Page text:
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Prev Med. 2007 Apr;44(4):328-34. Epub 2007 Jan 17.

Alcohol intake, smoking, sleeping hours, physical activity and the metabolic syndrome.

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Department of Hygiene and Epidemiology, University of Porto Medical School, Porto, Portugal.



To evaluate the association between physical activity, sleeping hours, alcohol intake and smoking and metabolic syndrome.


Social, demographic, personal and family medical histories and behavioral characteristics were collected as self-reported for 2164 participants (1332 women; 832 men), aged 18-92 years old, randomly selected during 1999-2003, among residents in Porto, Portugal, evaluated in the Department of Epidemiology of Porto Medical School. Metabolic syndrome was defined according to the NCEP-ATPIII. Associations between metabolic syndrome and lifestyles factors were computed as odds ratios (OR) and 95% confidence intervals (95% CI).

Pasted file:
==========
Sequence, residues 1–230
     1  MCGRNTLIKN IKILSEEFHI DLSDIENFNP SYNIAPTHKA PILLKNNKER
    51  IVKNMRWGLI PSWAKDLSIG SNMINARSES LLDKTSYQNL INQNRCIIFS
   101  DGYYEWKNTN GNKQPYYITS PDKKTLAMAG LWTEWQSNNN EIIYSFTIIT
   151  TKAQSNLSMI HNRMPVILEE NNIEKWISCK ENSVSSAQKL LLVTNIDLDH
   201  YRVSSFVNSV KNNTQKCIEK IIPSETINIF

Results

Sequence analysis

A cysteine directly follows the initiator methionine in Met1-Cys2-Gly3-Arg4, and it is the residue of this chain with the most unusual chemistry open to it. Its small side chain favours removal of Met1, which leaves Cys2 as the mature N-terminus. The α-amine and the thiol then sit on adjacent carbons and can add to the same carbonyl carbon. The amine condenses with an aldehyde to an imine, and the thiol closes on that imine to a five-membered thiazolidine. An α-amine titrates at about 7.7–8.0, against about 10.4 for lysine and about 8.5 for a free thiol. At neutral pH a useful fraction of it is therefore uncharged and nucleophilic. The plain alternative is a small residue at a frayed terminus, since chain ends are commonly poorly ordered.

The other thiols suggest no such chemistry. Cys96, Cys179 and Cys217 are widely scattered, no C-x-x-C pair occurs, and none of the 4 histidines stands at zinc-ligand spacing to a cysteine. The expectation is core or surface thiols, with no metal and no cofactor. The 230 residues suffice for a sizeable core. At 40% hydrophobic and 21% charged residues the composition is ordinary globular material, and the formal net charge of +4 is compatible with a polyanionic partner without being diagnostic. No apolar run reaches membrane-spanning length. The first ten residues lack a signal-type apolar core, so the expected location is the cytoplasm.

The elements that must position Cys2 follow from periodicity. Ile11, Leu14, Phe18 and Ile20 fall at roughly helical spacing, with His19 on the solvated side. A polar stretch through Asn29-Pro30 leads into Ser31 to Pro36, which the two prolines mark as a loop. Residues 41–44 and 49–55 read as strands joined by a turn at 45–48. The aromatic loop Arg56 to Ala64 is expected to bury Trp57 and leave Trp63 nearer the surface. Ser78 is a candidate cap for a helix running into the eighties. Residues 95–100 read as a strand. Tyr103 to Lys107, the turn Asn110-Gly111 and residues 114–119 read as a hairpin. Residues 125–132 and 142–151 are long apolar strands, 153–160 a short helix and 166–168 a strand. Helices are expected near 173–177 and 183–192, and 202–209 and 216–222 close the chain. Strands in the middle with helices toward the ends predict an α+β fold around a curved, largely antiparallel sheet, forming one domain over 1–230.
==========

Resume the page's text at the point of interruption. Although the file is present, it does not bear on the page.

After adjustment, higher total physical activity (OR=0.63 95% CI%: 0.43, 0.94--females; OR=0.55 95% CI: 0.33, 0.91--males) and work activity levels in females (OR=0.55; 95% CI: 0.33, 0.91) were significantly associated with lower prevalence of the metabolic syndrome. More sleeping hours were positively associated with metabolic syndrome (OR=1.25; 95% CI: 1.13, 1.38--females; OR=1.19; 95% CI: 1.04, 1.36--males). Regarding smoking, the only statistically significant association was found in women that smoked less than 10 cigarettes per day (OR=0.32 95% CI: 0.11, 0.92). No statistically significant association was found between ethanol intake and metabolic syndrome.


An association between decreased physical activity, increased sleeping hours and metabolic syndrome was found. No association was found between cigarette smoking, alcohol intake and the metabolic syndrome.

[Indexed for MEDLINE]

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